It is very simple to define. When whites in Germany burn down Turkish homes, they are called Fascists. When blacks in Los Angeles burn down Korean homes, they are called misunderstood. This is a terrible insult to a black person. It says: "We think so low of you that we do not hold the same moral criteria for you that we do for others." That is the liberal message of the last generation to blacks, as it is to Hispanics regarding their intelligence: "Every generation of immigrants to America had to learn English, but you're so intellectually inferior that we will have you learn and study in Spanish." I read no other meaning in bilingual education than a view that Hispanics are less intelligent than Russians, Poles, Germans, and everybody else who came to this country.
There is no one standard to which all people are accountable any more. And that's what Race-Gender-Class does. It subverts responsibility.
Finally, you can have responsibility only if you have standards. I mentioned this earlier with regard to a code of ethics-if you're not responsible to a God or a religion or some code above you, you cannot be held responsible for your behavior.
There is one other way in which we have obliterated standards, and therefore responsibility. We have substituted compassion for standards. Whenever there is a conflict in America between compassion and standards, compassion wins lest, again, we judge you. I was a guest on a national television show, and all the other guests were single women who chose to become mothers. I had a feeling of what the Christians felt like with the lions: I was on a national talk show where I was not allowed on the first segment of the hour show. The guests were three highly attractive, highly intelligent women with their lovely kids. The host was female, as was virtually the entire audience, which agreed with the women about how beautiful it was that they decided, not having found a man, to have a kid. And then I was introduced: "And now, someone who thinks they're wrong." For that alone, however, my appearance was worth it, the word "wrong" not having been uttered on television talk shows since Phil Donahue started his first show.
Then Darth Vader Prager entered the scene and was asked, "Do you really think these women are wrong?" I put every ounce of charm I have ever been endowed with into my answer and responded, "Yes, I do."
Yes, I think it is wrong because I think that children should have the fight at least to begin life with a mother and a father. If there's divorce, if there's abandonment, if there's death, what are you going to do? But to start out with mommy and test tube doesn't strike me as being as good as mommy and daddy.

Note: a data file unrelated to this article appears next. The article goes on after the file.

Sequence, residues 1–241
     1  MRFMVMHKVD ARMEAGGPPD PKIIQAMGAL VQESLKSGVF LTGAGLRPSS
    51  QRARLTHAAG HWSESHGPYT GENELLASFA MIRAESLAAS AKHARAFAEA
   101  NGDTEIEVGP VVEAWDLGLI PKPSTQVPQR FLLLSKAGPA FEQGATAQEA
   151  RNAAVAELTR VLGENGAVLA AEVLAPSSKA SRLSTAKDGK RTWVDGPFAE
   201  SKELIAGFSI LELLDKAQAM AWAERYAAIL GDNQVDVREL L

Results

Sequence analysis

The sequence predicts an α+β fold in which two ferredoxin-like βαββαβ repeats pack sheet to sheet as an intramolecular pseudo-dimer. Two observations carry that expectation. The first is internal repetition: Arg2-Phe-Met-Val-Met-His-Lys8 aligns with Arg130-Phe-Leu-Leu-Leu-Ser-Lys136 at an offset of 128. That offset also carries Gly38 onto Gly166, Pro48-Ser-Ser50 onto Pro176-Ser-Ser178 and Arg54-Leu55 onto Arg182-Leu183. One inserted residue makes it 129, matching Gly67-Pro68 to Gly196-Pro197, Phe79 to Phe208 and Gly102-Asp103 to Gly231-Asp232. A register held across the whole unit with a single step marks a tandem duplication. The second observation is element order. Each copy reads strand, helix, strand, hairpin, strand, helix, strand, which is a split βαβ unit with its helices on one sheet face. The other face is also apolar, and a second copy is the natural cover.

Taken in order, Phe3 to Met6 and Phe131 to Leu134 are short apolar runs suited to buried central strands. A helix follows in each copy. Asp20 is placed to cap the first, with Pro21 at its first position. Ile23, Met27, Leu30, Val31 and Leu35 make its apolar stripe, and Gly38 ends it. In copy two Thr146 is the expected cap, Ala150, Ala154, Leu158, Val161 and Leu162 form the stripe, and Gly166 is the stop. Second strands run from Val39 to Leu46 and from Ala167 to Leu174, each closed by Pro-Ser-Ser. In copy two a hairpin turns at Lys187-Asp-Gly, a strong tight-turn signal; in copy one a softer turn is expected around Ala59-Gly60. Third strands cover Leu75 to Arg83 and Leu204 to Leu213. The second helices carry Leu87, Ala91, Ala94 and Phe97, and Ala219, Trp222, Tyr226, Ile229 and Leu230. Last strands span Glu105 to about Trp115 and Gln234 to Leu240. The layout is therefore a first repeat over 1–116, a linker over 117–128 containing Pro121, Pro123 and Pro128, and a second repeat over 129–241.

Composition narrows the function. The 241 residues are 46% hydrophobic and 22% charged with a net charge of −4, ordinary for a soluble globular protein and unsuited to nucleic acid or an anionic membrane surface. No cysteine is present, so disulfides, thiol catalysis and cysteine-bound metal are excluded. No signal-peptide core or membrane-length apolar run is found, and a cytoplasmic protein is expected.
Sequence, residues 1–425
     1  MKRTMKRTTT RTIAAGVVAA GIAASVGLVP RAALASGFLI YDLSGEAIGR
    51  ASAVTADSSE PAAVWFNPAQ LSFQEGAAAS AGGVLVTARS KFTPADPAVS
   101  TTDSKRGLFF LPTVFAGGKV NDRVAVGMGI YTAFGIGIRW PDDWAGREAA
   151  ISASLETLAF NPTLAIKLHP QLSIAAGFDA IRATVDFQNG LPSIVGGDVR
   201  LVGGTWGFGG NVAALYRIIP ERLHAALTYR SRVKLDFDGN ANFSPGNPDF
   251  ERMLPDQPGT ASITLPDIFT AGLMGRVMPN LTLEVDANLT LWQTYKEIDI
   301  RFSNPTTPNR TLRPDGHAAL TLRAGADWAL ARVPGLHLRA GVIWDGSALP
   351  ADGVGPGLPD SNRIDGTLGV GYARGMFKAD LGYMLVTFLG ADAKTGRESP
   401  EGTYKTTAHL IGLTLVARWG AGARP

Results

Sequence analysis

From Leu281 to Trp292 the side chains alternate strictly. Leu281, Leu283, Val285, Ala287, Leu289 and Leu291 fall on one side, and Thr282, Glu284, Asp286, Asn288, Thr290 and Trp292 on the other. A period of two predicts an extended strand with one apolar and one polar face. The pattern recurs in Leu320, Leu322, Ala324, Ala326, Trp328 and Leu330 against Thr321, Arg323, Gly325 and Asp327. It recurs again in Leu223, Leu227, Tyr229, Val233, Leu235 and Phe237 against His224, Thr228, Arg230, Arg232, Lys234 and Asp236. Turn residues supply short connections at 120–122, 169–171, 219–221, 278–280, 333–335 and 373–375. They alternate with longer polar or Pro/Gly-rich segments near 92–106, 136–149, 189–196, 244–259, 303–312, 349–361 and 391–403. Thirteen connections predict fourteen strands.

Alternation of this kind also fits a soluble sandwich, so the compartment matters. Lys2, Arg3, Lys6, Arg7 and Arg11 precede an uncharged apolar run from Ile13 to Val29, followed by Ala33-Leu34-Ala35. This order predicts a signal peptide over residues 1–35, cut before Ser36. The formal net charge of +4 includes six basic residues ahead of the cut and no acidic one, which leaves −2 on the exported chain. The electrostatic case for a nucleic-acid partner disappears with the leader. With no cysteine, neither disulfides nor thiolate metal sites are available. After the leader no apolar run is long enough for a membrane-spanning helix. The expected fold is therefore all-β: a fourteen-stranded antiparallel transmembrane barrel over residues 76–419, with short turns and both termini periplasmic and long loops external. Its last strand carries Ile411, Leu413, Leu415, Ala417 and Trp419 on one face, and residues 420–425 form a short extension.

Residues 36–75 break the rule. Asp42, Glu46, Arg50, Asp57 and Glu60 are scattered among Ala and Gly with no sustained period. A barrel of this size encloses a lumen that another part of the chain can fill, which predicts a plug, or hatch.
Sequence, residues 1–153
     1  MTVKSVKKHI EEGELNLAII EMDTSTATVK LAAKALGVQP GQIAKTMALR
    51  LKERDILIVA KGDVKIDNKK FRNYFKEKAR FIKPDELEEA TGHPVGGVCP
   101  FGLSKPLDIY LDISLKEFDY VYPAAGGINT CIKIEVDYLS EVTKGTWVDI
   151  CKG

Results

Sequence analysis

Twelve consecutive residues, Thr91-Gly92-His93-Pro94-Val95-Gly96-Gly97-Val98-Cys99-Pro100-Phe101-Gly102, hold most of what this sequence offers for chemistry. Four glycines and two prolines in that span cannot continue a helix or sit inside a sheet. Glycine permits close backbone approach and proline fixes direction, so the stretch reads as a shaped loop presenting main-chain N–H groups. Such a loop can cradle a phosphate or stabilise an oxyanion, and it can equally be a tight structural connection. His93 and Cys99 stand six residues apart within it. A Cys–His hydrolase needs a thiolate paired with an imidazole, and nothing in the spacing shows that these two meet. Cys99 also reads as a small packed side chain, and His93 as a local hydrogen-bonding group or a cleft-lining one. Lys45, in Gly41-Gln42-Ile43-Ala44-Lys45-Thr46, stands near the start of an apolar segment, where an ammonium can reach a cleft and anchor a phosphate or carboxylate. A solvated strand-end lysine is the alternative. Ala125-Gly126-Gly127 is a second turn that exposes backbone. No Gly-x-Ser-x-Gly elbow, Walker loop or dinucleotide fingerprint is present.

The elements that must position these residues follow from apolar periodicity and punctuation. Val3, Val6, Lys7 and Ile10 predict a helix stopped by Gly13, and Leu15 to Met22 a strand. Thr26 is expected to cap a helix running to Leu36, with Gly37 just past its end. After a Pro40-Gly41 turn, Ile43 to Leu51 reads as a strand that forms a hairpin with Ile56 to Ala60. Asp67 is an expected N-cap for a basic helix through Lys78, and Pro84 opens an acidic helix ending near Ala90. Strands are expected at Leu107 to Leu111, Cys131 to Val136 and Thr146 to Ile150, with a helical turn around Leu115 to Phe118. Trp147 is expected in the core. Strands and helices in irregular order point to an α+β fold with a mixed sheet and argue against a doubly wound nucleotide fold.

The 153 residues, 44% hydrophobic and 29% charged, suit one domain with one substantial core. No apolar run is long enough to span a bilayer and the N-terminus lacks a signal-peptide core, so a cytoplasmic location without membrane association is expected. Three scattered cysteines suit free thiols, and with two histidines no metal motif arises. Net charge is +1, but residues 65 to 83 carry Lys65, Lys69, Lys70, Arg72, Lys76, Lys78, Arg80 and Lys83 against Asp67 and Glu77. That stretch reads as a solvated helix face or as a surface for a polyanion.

My wife and I have single women friends who are torn about this. They are dying to get married, yet cannot find a man to marry, and they are dying to have a child before they can no longer conceive. Anybody who does not feel compassion toward these many women is not fully human. But to empathize with pain and feel compassionate is one thing, and to drop standards is another.
Gays, too, are in pain. Not to acknowledge that pain is not to be fully human. But to say then that because they are in pain society should have no preference for male-female love as the society's ideal is as wrong as to say that because the single mother is in pain we have no preference for children being born with a mother and father.
The government is on the brink of establishing new national adoption rules. According to these new rules, same-sex couples will be allowed to adopt as readily as opposite-sex couples. That is simply incredible. Even Denmark, which allows homosexual marriage, forbids homosexual adoption. We will be the only society on Earth to say that we have no preference for children to have a mother and father. To say that a mother is unnecessary, or that a father is unnecessary, is so obviously untrue that it needs to be explained by a larger agenda. That agenda is to prefer personal rights-I want a child-to social responsibility-a child should be given a mother and father.
To demand that people take personal responsibility for their
behavior is extremely difficult. It doesn't come naturally to any
of us. Perhaps the case for it can best be made by using other
words to describe the assuming of personal responsibility. Those
words are "growing up."
A sample issue of Mr. Prager's quarterly journal, Ultimate Issues, is available from 10573 Pico Blvd., Los Angeles, CA 90064.
Dennis Prager writes Ultimate Issues, a quarterly journal of his views on life, has daily radio talk shows on WABC in New York and KABC in Los Angeles, and does a nationally syndicated daily television show, "The Dennis Prager Show," which appears in 146 cities. He also is co-director of Empower America.
He spoke at The Heritage Foundation on September 20, 1994, as part of the lecture series "Sweet Land of Liberty: Strengthening America's Culture," sponsored by the Henry Salvatori Foundation.
ISSN 0272-1155 Ó 1995 by The Heritage Foundation.